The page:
Starting on October 10, 1857, Louis Paulsen (1833-1891) played four people blindfolded. Morphy was one of his opponents who also played blindfolded against Paulsen. Morphy won. Paulsen drew one other and won two games. Paulsen and Morphy played two more blindfold games against each other. Morphy won one game and the second game was a draw.

On October 21 and 22, 1857, Paulsen played 5 opponents blindfold simultaneously in New York.

Paulsen was the first person to popularize blindfold chess. He started giving blindfold exhibitions in Chicago.

In early 1858, Paul Morphy played 6 opponents blindfold simultaneously in New Orleans. He later played 7 opponents blindfold simultaneously in New Orleans.

In February 1858, Paulsen played 7 opponents blindfold simultaneously in Dubuque, Iowa. He won all 7 games.

In March 1858, Paulsen played 8 opponents blindfold simultaneously.

Starting on May 10, 1858, Paulsen played 10 opponents blindfold simultaneously at the Chicago Chess Club. He won 9 and drew 1. He then went to Davenport, Iowa and played 10 opponents blindfold simultaneously.

In June 1858, Paulsen played 12 opponents blindfold simultaneously in St. Louis.

On August 27, 1858, Morphy gave an 8-board blindfold exhibition at Queen’s College in Birmingham, England. The players were Lord Lyttelton (president of the British Chess Association), Thomas Avery, Rev. G. Salmon, Mr. Carr, Dr. Jabez Freeman, Mr. Rhodes, J.S. Kipping, and W.R. Wills. The exhibition took over 6 hours. Morphy won 6, lost to Kipping, and drew with Avery.

In 1858, Paul Morphy played 8 opponents blindfold simultaneously. The 8 players were the strongest players in Paris. The games were played in the Cafe de la Regence. The players were Baucher, Bierwith, Guibert, Lequesne, Morneman, Potier, Pret, and Seguin. The exhibition lasted 10 hours. Morphy won 6 and drew 2.

On September 27, 1858, Morphy gave an 8-board blindfold exhibition at the Café de la Régence, winning 6 games and drawing 2 games. The owner of the café wanted to charge a spectator fee of 5 francs for the exhibition, but Morphy said he would not give the exhibition unless the café was open to anyone who walked in. So the event was free for anyone who could get inside the establishment. His opponents were Baucher, Bierwith, Borneman, Guibert, Lequesne, Potier, Preti, and Seguin (and 50 other players in the room to give advice to Morphy’s eight opponents). Morphy was seated in the billiard room of the café, with his back to the chess table in the other room . The blindfold exhibition lasted for 10 hours, without anything to eat or drink for Morphy. When the event was over, it took 30 minutes for Morphy to get outside of the café after being congratulated by everyone inside. However, the crowd outside was greater than the one inside the café, and the shouting was more deafening. French Imperial guards, not knowing what was going on, thought a new revolution in Paris had broken out.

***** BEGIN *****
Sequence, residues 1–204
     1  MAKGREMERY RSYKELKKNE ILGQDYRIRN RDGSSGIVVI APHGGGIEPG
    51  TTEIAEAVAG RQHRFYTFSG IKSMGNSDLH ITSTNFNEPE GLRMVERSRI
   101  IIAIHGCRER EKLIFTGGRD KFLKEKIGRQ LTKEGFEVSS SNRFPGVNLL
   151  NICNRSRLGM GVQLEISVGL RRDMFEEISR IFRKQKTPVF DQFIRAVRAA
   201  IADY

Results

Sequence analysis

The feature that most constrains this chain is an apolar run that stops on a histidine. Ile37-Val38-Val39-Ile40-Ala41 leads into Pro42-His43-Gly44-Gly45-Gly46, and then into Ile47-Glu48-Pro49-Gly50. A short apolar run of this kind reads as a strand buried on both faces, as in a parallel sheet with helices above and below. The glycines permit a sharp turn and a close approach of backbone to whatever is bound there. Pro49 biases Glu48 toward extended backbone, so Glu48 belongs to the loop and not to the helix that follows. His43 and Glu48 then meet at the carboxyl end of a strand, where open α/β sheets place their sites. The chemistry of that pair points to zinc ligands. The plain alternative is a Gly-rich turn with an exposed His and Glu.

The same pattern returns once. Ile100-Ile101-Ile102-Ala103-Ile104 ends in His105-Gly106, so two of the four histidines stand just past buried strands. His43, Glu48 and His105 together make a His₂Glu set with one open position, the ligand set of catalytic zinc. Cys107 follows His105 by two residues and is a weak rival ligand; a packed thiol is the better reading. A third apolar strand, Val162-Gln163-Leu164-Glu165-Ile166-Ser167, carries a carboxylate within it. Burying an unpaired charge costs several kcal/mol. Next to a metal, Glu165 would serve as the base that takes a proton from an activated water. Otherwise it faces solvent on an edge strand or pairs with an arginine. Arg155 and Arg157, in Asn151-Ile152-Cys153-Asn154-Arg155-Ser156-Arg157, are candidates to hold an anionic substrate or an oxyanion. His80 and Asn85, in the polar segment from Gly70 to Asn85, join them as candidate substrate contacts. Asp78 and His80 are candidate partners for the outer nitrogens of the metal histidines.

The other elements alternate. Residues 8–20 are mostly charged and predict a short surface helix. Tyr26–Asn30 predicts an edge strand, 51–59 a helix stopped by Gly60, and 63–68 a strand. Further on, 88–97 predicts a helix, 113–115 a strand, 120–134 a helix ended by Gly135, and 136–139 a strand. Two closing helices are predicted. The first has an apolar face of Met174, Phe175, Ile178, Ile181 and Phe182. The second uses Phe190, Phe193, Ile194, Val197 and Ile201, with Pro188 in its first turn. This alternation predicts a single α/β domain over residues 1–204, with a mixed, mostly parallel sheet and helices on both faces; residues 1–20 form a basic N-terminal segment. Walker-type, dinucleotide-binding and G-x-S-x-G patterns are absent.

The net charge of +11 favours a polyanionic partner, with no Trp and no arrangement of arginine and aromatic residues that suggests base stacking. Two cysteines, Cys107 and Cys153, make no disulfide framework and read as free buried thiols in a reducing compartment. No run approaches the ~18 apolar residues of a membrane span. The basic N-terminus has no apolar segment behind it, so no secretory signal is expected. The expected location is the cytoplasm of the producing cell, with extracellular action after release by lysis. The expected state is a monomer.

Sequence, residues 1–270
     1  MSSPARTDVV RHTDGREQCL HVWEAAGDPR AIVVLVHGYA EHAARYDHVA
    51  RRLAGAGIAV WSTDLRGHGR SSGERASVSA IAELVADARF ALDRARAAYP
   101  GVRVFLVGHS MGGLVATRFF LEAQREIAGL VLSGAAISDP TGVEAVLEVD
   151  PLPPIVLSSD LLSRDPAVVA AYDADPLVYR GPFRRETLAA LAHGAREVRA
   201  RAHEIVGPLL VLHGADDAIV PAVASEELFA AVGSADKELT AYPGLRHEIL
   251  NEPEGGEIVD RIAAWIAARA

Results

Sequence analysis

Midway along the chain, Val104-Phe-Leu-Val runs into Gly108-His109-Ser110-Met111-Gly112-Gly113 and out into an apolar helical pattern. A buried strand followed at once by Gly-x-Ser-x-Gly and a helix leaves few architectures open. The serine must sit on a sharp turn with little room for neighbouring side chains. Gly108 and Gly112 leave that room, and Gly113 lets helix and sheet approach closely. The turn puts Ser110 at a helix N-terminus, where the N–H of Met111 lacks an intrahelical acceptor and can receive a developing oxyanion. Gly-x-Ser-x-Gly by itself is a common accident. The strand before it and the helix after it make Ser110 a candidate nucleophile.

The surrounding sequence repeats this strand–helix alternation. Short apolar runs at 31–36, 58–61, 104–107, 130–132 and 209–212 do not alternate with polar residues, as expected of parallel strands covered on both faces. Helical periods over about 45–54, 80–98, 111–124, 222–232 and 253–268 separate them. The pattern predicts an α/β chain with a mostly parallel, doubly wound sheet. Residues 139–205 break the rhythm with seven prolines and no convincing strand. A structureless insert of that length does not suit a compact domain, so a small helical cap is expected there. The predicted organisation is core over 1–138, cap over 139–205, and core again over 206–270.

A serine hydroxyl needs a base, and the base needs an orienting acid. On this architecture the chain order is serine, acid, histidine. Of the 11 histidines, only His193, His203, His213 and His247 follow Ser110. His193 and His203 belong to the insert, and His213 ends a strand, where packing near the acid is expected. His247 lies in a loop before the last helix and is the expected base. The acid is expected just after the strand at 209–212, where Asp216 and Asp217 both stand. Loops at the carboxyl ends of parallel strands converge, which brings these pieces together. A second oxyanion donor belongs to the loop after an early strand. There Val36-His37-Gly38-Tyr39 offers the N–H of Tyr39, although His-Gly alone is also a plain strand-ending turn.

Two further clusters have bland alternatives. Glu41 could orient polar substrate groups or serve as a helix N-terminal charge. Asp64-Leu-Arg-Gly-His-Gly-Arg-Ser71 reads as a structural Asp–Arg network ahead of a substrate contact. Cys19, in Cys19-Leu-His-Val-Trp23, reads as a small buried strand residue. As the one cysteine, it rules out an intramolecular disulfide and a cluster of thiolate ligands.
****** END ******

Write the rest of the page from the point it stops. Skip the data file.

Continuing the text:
The next morning, Paul Morphy dictated to Frederick Edge all the moves of his 8 blindfold games, including possible variations. For two hours, Morphy dictated the moves and hundreds of variations of all eight games. When asked about his blindfold play, Morphy responded, “It proves nothing.”

In November 1858, Paulsen was supposed to have played 15 blindfold simultaneous games, but the display was stopped after 9 hours (the opponents were tired) and the exhibition ended. Reporters wrote that Paulsen would have won all the games.

In December 1858, played 10 blindfold simultaneous games at the Pittsburgh Chess Club. He won 6 and lost 4.
On April 13, 1859, Morphy gave an 8-board blindfold exhibition at the London Chess Club.

On April 20, 1859, Morphy played 8 blindfold simultaneous games against the top players of each chess club he visited. The event was held at the St. George Chess Club in London. He won 5 and drew 3 games.

On November 11, 1859, Morphy gave a 4-board blindfold exhibition at the Academy of Music in Philadelphia for the benefit of the Mt. Vernon Fund. The fund was used to restore and preserve Mount Vernon. He won all his games.

1861, Paulsen played 10 opponents blindfold simultaneously in London. He won 9 and lost 1 after six hours of play.

In 1861, Joseph Henry Blackburne (1841-1924) became interested in blindfold chess after being one of Paulsen’s opponents in a 10-board simul in Manchester, England.